When I recently met with local group Stoke-on-Trent Area Network for Disability (STAND) I was deeply concerned to hear from their members about the ongoing problems of access to public buildings. I was told that residents attending the North Staffordshire combined justice centre in Newcastle where PIP appeals are held faced a large number of steps, couldn't park or were asked to remove life saving equipment to be scanned to simply get in the building.
STAND as part of their complaint, which I support, have suggested several small changes that will make the building accessible for all and not to add further stress and anxiety to residents taking part in appeals. In the House of Commons I tabelled the following written question: What discussions he has had with HM Courts & Tribunals Service on improving physical access to courts and tribunals for people with disabilities.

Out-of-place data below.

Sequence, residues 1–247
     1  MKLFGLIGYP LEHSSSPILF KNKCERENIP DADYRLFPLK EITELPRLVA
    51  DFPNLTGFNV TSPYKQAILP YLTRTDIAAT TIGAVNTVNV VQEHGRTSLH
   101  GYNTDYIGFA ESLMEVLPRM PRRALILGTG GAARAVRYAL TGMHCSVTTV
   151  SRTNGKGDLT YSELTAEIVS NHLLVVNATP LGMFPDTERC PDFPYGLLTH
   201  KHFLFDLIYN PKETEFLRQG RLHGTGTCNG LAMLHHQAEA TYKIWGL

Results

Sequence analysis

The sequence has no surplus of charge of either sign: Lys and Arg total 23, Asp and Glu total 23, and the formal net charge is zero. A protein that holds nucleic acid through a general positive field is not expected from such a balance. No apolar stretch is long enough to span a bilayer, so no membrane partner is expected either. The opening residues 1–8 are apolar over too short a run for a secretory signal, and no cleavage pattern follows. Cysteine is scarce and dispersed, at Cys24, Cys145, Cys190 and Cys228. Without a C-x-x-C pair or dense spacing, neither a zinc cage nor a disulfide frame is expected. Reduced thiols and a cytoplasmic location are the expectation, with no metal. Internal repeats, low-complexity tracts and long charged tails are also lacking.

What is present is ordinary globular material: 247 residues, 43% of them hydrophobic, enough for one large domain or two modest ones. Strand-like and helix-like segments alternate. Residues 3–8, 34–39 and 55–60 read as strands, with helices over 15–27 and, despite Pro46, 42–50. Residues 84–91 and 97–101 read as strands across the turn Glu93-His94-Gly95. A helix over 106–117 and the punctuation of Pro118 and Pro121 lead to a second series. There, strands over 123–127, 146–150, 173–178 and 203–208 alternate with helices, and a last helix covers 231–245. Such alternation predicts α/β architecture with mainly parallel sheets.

At the start of this clip you can see the Ministers answer to this. Followed by my follow up verbal supplementary question. The Minister's answer was positive and I shall post it below this text. But the people I represent need more than warm words, so ill be are ensuring action is taken before thanking the government just yet:
The Minister replied:
"The hon. Gentleman is right: I am aware of that. The charity he mentions—the Stoke-on-Trent Area Network for Disability—made a complaint, and HMCTS had a meeting on 5 April to discuss the issue. It is looking at the feasibility of implementing the suggestions that were made, such as putting in place automatic doors, signage and improvements to the waiting area, but I would be very happy to meet the hon. Gentleman and his constituents to discuss them".